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2. The term “acute infectious epiglottitis” is suggested for this condition as being more scientific, and more fully explaining its probable nature. It is of course understood that the inflammation and cedema involve only the anterior surface of the epiglottis.



3. Mainwairing. Medical Facts and Observations for the Year 1991, Vol. I. (See

Marsh's article). 2. Home, Sir Everard. Transactions of a Society for the Improvement of Medical

and Chirurgical Knowledge, 1808, Vol. 3. (Marsh). 3. Burne. London Medical Gazette, May 22, 1830, P. 313. 4. Marsh, H.

Casos of Acute Inflammation Confined to the Epiglottis. Dublin Med. and Chir. Journal, Sc., Vol. 13, March 1, 1838, p. 1-23. 5. Tomkins. Fatal Enlargement of the Epiglottis, Lancet, London, 1841-2, V. I. p. 705. 6. Louis. Sur l'inflammation de l'epiglotte. Gaz. d'hop., 1843, T. 2, p. 357. 7. Kesteven, W.B. On Epiglottitis. London Med. Gazette, Vol. 8, May 4, 1849, p. 761-763. 8. Larsen. Schmidt's Jarbücher für 1852, p. 315. 9. Wunderlich. Handbuch der Pathologie und Therapie, 1836, S. 110. 10. Gibb, G. D. Case of Acute Epiglottiditis, Transactions Path. Soc., Lon., 1863, Vol.

15, p. 50. 11. Windsor, J. Case of Epiglottitis, or Acute Inflammation and Enlargement of the

Epiglottis, British Medical Journal, Jan. 30, 1864, pp. 120-122. 12. Crisp. Acute Inflammation of the Epiglottis, Transactions Pathological Society

London, Vol. 17, p. 28, 1866. 13. Pel. Nederlandsch Tydschrift voor Geneeskunde, 1878, s. 452. 14. Michel. Centralbl. für medicinische Wissenschaften, 1878, No. 2. 15. Moure, E. J. Oedeme aigu primitif des replis aryteno-epiglottiques. Rev. mens.

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de med. leg. de France, Bull., 1882, Vol. 7, pp. 91-93. 17. Wesseler, C. Edema of the Epiglottis, Proc. St. Louis Med. Soc., 1881, Vol. 3, p. 43. 18. Störk. Klinik d. Kranheiten d. Kehlkopfes, 1880, p. 200. 19. Moll, A. C. H. Medisch. Weekbl., Vol. 5, No. 38. 20. Ruault, A. Epiglottide vedemateus, circonscrite primitive. Rev. mens. de laryngol,

1887, Vol. 7, PP. 673-676. 21. Schmidt, H. Cricumscriptes entzündtliches odem der Epiglottis, 1889. 22. Gottstein, J. Die Krankheiten des Kehlkopfes, 1893, s. 109. 23. Hajek, M. Schnitzler, klinischer Atlas, 1894. S. 52. 24. Park, W. H. The Bacteria Present in the Human Throat, etc., N. Y. Med. Record,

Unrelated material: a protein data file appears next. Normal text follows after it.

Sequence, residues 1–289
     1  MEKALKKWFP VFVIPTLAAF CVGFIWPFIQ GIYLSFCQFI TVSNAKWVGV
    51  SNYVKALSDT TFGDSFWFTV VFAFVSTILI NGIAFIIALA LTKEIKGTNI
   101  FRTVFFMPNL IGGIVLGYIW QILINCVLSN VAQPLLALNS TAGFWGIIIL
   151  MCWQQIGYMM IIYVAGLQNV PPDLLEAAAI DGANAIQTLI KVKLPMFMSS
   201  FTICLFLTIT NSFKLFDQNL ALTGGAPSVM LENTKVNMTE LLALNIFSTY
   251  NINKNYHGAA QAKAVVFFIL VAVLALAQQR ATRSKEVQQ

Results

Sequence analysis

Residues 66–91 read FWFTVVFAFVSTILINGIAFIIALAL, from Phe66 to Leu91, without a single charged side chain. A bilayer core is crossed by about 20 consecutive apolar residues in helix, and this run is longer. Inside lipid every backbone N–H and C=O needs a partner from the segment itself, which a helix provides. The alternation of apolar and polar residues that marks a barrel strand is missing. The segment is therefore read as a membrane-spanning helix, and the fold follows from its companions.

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itiques, Arch. de med. experiment, Vol. 6, 1894. 26. Kuttner. A. Larynx ædom und subumcöse Laryngitis, Virchow's Archiv, Vol. 139,

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ACID.* BY ANDREW MACFARLANE, M. D., Clinical Professor of Physical Diagnosis, Albany Medical College. It is only a few years ago that the diagnosis of carcinoma of the stomach was entirely a matter of scientific interest and had no practical significance. The prognosis was without hope; the treatment of no avail and strictly symptomatic. The belief in its hopelessness was so prevalent that even an attempt to make an early diagnosis seemed chimerical.

To-day, however, surgery of the stomach has made such advances that the complete removal of this organ is among the successful operative procedures while palliative operations have added much to the comfort and life of patients.

That the stomach is not an organ absolutely essential to life is shown by the fact that people who have complete absence of the gastric secretion are often unaware that there is any abnormality in their digestive system as the intestinal digestion compensates for this failure of the stomach.

Since operative procedure is the only hope it is the duty of the physician in all suspicious cases to make at the earliest possible moment a highly probable, if not an absolutely certain diagnosis in order that his patient may have this one chance for recovery.